Smoking: Still Totally Cool

I used to love smoking. For years smoking allowed me to take longer and more frequent breaks at work, was a good excuse to get off my ass and go outside, and frequently allowed me an opportunity to start up a conversation with another smoker. Taking a drag on a cigarette was a nice natural pause in every conversation. I was a better listener and, perhaps, a better person when I was a smoker. I could happily engage anyone for hours over coffee and cigarettes. The sky seemed a brighter shade of blue and I spent more time alone with my thoughts.

When I quit, it was largely by accident and I didn’t notice a sudden surge of vitality. My teeth didn’t get whiter, my penis didn’t get bigger, and my lung capacity remained unchanged. My apartment did not unexpectedly become filled with workout equipment and I did not acquire a bunch of healthy new friends. I have tried numerous times to get re-addicted but it has been so difficult. It’s almost as if I have lost my taste for it entirely. I’ll get a halfway through a cigarette and find myself with a headache or waking up the following day with mild sinus congestion. I also cringe at the thought of the tobacco industry’s decades of upsettingly aggressive marketing, despite cigarettes getting us through both World Wars and being at the center of America’s most prosperous period in history.

It’s a lot to think about and I’m not suggesting that everyone go out there and buy a pack of smokes this instant. While they may stop Parkinson’s, they cause a laundry list of other harmful diseases. They probably won’t kill you right away, however. You’ll likely have plenty of time to have a career, start a family, or even become President before your habit finally forces you into an early grave. And, when you do die before all of your loved ones, you’ll have a big funeral with lots of people showing up and talking about how great you were. They’ll cry and remember you forever and you’ll never have to see them get sick or pass away. You will have left the party early, probably because you were so much cooler than everyone else in attendance.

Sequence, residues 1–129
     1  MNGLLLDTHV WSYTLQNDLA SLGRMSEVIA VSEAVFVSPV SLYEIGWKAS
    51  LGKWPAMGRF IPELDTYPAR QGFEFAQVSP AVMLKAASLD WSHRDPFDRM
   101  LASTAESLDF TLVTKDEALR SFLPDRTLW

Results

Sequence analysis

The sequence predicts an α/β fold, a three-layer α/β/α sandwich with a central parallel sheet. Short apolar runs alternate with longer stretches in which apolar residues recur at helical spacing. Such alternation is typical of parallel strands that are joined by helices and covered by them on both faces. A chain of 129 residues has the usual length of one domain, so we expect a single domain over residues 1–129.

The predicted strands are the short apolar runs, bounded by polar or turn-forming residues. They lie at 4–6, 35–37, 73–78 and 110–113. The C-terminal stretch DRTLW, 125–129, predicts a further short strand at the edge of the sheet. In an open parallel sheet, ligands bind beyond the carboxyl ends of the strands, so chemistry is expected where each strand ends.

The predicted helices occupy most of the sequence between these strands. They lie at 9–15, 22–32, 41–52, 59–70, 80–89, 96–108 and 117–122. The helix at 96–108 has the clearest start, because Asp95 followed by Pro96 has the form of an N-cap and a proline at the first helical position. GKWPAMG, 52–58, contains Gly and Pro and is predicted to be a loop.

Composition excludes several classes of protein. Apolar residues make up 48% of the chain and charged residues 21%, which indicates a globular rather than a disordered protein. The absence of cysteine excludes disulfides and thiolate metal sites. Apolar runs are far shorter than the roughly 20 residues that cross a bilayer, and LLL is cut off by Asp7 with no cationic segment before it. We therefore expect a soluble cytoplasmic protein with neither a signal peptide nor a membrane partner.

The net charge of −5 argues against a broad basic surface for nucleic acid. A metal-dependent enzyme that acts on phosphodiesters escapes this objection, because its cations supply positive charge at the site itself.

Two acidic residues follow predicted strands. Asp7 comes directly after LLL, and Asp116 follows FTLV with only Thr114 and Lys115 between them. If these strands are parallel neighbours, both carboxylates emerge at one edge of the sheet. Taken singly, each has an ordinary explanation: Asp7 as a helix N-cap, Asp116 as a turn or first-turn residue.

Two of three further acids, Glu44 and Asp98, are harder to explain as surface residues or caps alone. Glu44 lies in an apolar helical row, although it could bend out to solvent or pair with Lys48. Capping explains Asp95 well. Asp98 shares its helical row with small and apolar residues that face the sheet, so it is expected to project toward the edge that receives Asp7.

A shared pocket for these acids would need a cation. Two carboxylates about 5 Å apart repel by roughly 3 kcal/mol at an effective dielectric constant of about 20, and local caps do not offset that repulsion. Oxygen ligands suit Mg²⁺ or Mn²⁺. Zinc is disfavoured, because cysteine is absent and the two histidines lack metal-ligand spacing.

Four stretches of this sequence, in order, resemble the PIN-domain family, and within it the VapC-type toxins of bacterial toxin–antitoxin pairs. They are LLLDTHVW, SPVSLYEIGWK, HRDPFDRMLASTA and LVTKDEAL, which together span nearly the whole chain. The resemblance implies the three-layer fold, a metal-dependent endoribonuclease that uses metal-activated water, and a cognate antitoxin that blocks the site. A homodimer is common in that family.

America has banned smoking nearly everywhere and cut its smoking population in half over the last couple of decades. It was the number one health awareness campaign for years and it seems to have worked. But, in a world where you can tell a dangerously obese person that they are prefect just the way they are, we should be willing to commend smokers for possessing that little bit of extra flair. One of the best photos I’ve ever seen is that of a dog wearing sunglasses with a cigarette hanging out of its mouth. It was the kind of picture that made you want to learn how to skateboard so you could teach that dog.

Who was with me when I had some of my best ideas? Cigarettes. When I was broke and only ate enough canned food and coffee to keep myself from starving to death, who gave me that little extra bit of energy? Cigarettes. When I was depressed and found myself alone in a two story pre-war in Detroit, what was the one thing that got me out of the house? Cigarettes. When someone insulted me and I needed that extra two seconds to deliver the perfect comeback, who always had my back? Cigarettes.


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50 Responses to Smoking: Still Totally Cool

  1. It is a shame that you and your bff mr cigarette and you fell out of touch. He sounds like a good friend to have.

  2. thesagemum says:

    I was so badass when I smoked. (No one can confirm this except me.) Now I vape because my doctor said I needed to quit. It sucks, and I hate vaping.

  3. hranken says:

    Reblogged this on Hannah's London to Edinburgh Walk and commented:
    Love this. Great post!

  4. girlseule says:

    I only smoke when I am drun these days. It’s gross and smelly but it does make me feel a bit cool.

  5. mcbarlow5 says:

    As a smoker, I was just thinking about this today. Although my office building is exempt due to also having non-state tenants, as of tomorrow smoking is prohibited on all state government property in Kentucky. Yes, a state with one of the largest tobacco growths in the nation is banning smoking, including e-cigs, on its government property.